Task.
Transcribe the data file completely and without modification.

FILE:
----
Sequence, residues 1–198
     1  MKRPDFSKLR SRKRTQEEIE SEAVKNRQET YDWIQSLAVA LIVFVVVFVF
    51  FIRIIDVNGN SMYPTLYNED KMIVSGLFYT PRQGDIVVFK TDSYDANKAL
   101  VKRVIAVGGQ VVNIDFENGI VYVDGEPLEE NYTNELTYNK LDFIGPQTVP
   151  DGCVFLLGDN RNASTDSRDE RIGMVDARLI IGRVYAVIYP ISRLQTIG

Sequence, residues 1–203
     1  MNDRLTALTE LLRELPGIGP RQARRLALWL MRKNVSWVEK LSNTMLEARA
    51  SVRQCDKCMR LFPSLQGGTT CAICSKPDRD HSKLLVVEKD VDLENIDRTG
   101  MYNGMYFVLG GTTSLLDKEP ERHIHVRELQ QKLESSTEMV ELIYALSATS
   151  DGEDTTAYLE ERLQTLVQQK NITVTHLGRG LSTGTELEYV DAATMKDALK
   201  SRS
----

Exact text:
Sequence, residues 1–198
     1  MKRPDFSKLR SRKRTQEEIE SEAVKNRQET YDWIQSLAVA LIVFVVVFVF
    51  FIRIIDVNGN SMYPTLYNED KMIVSGLFYT PRQGDIVVFK TDSYDANKAL
   101  VKRVIAVGGQ VVNIDFENGI VYVDGEPLEE NYTNELTYNK LDFIGPQTVP
   151  DGCVFLLGDN RNASTDSRDE RIGMVDARLI IGRVYAVIYP ISRLQTIG

Sequence, residues 1–203
     1  MNDRLTALTE LLRELPGIGP RQARRLALWL MRKNVSWVEK LSNTMLEARA
    51  SVRQCDKCMR LFPSLQGGTT CAICSKPDRD HSKLLVVEKD VDLENIDRTG
   101  MYNGMYFVLG GTTSLLDKEP ERHIHVRELQ QKLESSTEMV ELIYALSATS
   151  DGEDTTAYLE ERLQTLVQQK NITVTHLGRG LSTGTELEYV DAATMKDALK
   201  SRS